Wednesday, March 30, 2016

He Held A Starship

Marcel at breakfast on Day 1... 18, March, 2011

He Held A Starship
by Alfred Lehmberg


Dan Lauing was worried and fretting as regards Colonel Jesse Marcel... It was late morning on the third day of Lauing's OZUFO conference in Lawrence, Kansas, and two full days of trying to herd ufological cats was taking its toll.  The harried impresario needed someone to walk the Colonel a block back to his hotel from the conference location after his presentation.  From initial introduction I'd found Colonel Marcel to be as approachable as he was agreeable.   I quickly volunteered.

The Colonel, by no means necessitating a call to 911, had had a toll taken, too.  He was presently the Prince of Lawrence, Kansas, usually surrounded by a glut of people competing for attention, all of whom were demanding individual time and dwindling energy on ufological subjects largely unutterable and exhausting just for that.  

Two full days of this were exhausting and his fatigue was plain. Couple all of this with the slings and arrows endured in over three decades of arduous service to his country and so double down on that to which flesh and time makes heir. 

He was truly the walking wounded suffering, perhaps, the self-criticism of a suspicion that he might have been ill used in pursuit of an unethical and overweening pecuniary foreign policy.  A sane man takes his atrocity pretty hard... quite apart from buckling down and getting on with what is necessary for God and Country, eh?  A toll will be paid.  

He was slow walking and even shuffling, sometimes.  I had to assist him up and down curbs.  Still, and not at my urging, we chatted.

On the way, I reintroduced myself with my credentials.  He relaxed.  We were brothers of the same service sword right down to the same Aviation Badge, after all.

As we walked and talked, he wanted to hear about me and "summer of Saucers" expert, Frank Feschino, which illustrated something about the man.  The Colonel was an MD, a rated aviator, and a flight surgeon.  Called back, after his job was done, he served in the Middle East, long in tooth even if tall in saddle.  I'm reminded mildly of Roland Deschain

He didn't need my adoration; he showed too much humility and guilelessness for that. He was a family man beloved of subordinates, by report, and revered by superiors.  He was, without doubt, a fine man of impressive caliber and sterling record.  

He didn't need UFOs to give his life meaning. Duplicity would have meant that he had forgotten the face of his father.  He was not complicated in that fashion. He saw what he saw.  He knew what he knew.  He'd touched what he'd touched.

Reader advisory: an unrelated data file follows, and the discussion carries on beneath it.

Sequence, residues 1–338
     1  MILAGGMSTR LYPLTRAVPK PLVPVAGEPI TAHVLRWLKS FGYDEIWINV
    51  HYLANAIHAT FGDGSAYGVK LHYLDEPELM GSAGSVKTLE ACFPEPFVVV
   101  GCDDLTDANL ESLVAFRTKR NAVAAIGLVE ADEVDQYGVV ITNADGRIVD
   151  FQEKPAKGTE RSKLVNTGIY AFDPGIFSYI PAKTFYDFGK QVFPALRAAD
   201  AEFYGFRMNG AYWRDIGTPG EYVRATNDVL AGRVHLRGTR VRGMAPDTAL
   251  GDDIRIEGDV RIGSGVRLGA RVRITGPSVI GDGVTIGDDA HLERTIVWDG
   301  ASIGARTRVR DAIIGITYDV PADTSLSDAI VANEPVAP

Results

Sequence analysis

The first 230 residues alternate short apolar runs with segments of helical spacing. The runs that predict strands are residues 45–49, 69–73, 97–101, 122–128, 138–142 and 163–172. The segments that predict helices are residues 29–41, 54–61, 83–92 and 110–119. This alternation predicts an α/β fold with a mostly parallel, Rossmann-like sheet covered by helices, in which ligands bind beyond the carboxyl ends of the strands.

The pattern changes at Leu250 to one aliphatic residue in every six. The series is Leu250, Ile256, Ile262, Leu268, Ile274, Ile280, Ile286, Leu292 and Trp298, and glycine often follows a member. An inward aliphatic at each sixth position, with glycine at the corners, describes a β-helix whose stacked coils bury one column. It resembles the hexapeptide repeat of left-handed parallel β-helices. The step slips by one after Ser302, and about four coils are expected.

As we slowly made our way, he spoke weakly if authoritatively on the unutterable aforementioned.  He regarded inhabited planets orbiting distant stars.  He regarded the character of beings extant upon them.  He regarded what form they would take and what their priorities would be.  

He wondered upon the inevitability of war where there was war and the quality of the peace where there was peace.  He wondered on the length and breadth of a vast universe known and unknown and beyond any knowing at all.  

He considered the memory the alien artifice he'd held and turned in his trembling hands that dark summer night in 1947 New Mexico when his father, Jesse Senior, woke him to witness the unnamable, his highly respected and capable father's eyes dancing as he grinned widely with astonished delight at a pile of flying saucer parts he thought to show his son.  To their dying day the two of them maintained that the material they'd held in their hands was, "...not of this Earth..."


We arrived at his hotel then. I helped this proud gentleman, this decorated soldier and hero of foreign wars, this stalwart witness to the unknown... up that last curb.  

We entered the lobby and I escorted him to the lift, his hand on my forearm, and as he shuffled into the elevator he thanked me warmly for my assistance.  The door closed on his smiling face, and the Colonel was gone.  I'd never see him again.  Rest in honored peace, Colonel.  

Jesse Marcel, Junior, 1936-2013... he'd held a starship in his hands. 

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